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Breast Cancer

Breast cancers are malignant tumors that arise from the uncontrolled growth of cells in the breast. Occurring primarily in the ducts that transport milk to the nipple during lactation (breast feeding), and secondarily in the lobules, the glands that produce milk, breast cancers are distinct from cancers that may spread to the breasts from other parts of the body.
Each year, more women in the United States are diagnosed with breast cancer than with any other cancer, with the exception of skin cancer. The American Cancer Society (ACS) estimates that 178,480 new cases of invasive breast cancer were diagnosed in women in the U.S. in 2007 and that about 40,460 women died from the disease. Men can also develop the disease. ACS estimates that about 2,030 men were diagnosed with breast cancer in 2007, and about 450 men died. The rest of this article will focus on breast cancer in women. It is recommended that men who have been diagnosed with breast cancer speak to their doctor for information specific to them and see the ACS’s web site All About Breast Cancer in Men.

Breast cancer can develop at any age, but the risk of developing it increases as women get older. While 5% to 10% of breast cancers are related to an inherited defect in one of two breast cancer genes (BRCA-1 or BRCA-2), the majority of cases develop for reasons we do not yet understand. As a general rule, those at higher risk of developing breast cancer include women whose close relatives have had the disease, women who have had a previous breast cancer in the other breast, women who have not had children, and women who had their first child after the age of 30. Each breast cancer will have its own characteristics. Some are slow growing; others can be aggressive. Some are sensitive to the hormones estrogen and progesterone, while others can over-express proteins. The cancer’s characteristics can affect treatment choices and the potential for the cancer to recur.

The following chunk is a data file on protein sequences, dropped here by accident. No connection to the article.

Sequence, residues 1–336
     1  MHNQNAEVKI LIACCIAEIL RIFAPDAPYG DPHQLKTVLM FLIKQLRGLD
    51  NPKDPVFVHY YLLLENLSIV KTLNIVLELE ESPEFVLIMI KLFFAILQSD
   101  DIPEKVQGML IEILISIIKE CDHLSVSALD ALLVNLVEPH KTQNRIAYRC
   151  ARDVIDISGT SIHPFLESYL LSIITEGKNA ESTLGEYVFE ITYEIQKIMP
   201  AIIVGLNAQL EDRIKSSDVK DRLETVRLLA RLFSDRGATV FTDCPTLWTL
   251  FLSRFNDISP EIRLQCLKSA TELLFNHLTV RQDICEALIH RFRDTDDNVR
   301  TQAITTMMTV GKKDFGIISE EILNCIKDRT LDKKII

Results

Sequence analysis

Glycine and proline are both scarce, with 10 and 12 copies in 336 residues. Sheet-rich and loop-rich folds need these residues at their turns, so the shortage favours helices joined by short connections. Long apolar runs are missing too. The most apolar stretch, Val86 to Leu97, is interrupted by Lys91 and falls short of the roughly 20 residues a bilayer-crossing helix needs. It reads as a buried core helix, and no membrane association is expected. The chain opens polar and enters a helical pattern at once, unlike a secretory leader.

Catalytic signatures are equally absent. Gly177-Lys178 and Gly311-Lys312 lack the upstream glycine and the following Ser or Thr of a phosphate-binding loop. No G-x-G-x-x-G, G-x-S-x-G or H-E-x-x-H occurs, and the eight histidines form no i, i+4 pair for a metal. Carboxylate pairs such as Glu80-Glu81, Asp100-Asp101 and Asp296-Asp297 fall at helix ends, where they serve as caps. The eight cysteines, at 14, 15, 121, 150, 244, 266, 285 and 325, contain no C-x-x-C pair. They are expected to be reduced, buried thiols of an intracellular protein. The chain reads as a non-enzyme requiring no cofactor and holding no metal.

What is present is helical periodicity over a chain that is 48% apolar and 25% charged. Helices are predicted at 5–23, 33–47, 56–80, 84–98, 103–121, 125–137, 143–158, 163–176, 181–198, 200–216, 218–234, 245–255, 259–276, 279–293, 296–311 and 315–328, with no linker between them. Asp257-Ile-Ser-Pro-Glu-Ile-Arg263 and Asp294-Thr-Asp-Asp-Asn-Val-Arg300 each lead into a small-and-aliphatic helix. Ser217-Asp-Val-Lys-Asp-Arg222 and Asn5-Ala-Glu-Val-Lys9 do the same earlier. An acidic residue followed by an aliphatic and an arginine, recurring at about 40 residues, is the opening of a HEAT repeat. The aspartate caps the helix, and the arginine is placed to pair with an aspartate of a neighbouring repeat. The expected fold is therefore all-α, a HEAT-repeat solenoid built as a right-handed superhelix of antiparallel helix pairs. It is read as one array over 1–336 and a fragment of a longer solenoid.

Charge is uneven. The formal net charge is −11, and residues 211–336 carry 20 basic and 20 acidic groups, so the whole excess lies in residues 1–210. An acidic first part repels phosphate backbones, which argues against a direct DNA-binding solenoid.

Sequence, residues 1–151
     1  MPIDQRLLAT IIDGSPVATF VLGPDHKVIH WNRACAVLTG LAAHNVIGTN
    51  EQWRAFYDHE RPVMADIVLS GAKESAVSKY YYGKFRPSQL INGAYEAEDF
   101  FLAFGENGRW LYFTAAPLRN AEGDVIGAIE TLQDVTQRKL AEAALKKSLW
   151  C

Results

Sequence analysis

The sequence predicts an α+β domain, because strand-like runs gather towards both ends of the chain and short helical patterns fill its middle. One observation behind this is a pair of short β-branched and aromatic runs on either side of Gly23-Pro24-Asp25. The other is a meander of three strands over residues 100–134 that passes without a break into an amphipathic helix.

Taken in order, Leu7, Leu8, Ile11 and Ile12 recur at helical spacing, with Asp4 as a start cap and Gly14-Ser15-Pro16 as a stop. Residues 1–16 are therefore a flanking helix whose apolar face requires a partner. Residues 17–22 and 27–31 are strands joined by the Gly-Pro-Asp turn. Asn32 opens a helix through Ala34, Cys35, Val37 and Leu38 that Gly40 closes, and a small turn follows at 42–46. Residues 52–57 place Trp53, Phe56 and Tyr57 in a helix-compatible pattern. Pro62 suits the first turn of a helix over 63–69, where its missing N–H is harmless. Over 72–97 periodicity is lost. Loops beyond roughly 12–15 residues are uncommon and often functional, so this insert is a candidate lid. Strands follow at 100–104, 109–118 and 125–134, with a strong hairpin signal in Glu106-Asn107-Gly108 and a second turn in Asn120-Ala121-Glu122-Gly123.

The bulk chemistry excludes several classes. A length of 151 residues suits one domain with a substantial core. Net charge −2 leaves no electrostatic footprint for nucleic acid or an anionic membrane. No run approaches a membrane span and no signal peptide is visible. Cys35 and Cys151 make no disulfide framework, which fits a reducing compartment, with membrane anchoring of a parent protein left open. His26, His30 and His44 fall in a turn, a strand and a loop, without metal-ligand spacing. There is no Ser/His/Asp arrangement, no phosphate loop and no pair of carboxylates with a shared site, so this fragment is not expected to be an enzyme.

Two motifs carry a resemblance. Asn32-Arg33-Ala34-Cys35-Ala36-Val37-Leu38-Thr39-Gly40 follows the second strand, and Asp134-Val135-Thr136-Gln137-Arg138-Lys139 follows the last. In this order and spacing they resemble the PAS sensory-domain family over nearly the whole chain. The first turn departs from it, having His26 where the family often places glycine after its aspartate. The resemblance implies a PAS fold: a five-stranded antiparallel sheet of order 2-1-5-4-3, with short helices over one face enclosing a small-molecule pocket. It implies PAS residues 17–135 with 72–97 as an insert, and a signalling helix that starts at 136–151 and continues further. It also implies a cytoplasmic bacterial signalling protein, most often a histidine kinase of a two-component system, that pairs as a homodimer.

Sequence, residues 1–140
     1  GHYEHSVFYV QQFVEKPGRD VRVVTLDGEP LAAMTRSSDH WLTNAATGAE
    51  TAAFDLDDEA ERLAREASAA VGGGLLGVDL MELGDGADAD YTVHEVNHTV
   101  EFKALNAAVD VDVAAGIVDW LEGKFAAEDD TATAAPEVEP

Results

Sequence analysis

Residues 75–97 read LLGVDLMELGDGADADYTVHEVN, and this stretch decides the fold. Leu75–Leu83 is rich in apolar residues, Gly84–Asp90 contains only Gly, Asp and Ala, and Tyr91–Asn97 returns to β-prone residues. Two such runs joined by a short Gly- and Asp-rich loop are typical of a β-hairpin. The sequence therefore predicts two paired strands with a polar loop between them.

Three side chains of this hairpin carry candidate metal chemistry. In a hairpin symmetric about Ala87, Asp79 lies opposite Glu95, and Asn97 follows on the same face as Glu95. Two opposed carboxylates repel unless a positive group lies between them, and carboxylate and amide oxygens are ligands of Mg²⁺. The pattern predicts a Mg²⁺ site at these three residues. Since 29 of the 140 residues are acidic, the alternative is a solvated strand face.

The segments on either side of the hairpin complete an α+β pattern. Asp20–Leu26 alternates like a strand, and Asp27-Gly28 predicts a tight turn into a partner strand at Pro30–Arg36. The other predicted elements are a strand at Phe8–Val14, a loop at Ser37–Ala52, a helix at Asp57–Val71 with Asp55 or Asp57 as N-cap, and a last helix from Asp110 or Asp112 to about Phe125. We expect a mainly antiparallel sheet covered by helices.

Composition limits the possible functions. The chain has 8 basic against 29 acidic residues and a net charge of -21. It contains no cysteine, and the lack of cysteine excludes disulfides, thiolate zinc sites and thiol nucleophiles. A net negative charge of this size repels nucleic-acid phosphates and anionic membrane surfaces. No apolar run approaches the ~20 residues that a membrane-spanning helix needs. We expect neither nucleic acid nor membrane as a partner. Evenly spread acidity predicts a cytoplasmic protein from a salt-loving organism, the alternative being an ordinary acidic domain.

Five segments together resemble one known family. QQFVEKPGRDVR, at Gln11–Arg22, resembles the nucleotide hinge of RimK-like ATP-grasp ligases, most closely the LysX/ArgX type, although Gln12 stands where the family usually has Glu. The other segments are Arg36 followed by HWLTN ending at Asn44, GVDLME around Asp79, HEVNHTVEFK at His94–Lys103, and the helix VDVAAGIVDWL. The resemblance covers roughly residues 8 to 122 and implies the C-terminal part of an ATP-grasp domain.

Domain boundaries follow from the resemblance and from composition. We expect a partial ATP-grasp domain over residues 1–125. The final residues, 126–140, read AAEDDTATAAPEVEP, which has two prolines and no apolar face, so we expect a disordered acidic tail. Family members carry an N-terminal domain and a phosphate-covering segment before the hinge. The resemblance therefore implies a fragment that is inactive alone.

Breast cancer may be divided into three stages, reflecting the extent to which the cancer has spread in the body.

Early stage breast cancer that is confined to its original location is known as noninvasive cancer. If the cancer is confined to the ducts, it is called ductal carcinoma in situ (DCIS), and if it is confined to the lobules, it is called lobular carcinoma in situ (LCIS). At this stage, the cancer cannot be felt as a lump in the breast, but DCIS can sometimes be detected by mammography.
Invasive stage breast cancer is characterized by a spread of the cancer beyond the ducts or lobules and into the surrounding areas of breast tissue. At this stage, the cancer may be detected through a breast self-exam, by a clinical breast exam performed by a health care professional, or by mammography.
Metastatic stage breast cancer is cancer that has spread (metastasized) to other areas of the body, including nearby lymph nodes. At this stage, treatment requires the combined effort of several specialists, including surgeons, oncologists, and radiologists.

Signs and Symptoms
It is important to remember that most lumps found in the breast are not cancerous but are benign and that the symptoms and signs associated with breast cancer may be due to other causes. Signs and symptoms include:

Mass or lump in the breast
Breast skin dimpling, reddening, or thickening
Nipple retraction
Breast swelling or pain
Nipple pain and/or discharge
Swelling or lumps in adjacent underarm lymph node

LabTestOnline


"Breast Cancer." Lab Tests Online. 7/13/11. Lab Tests Online, Web. 9/2/11.
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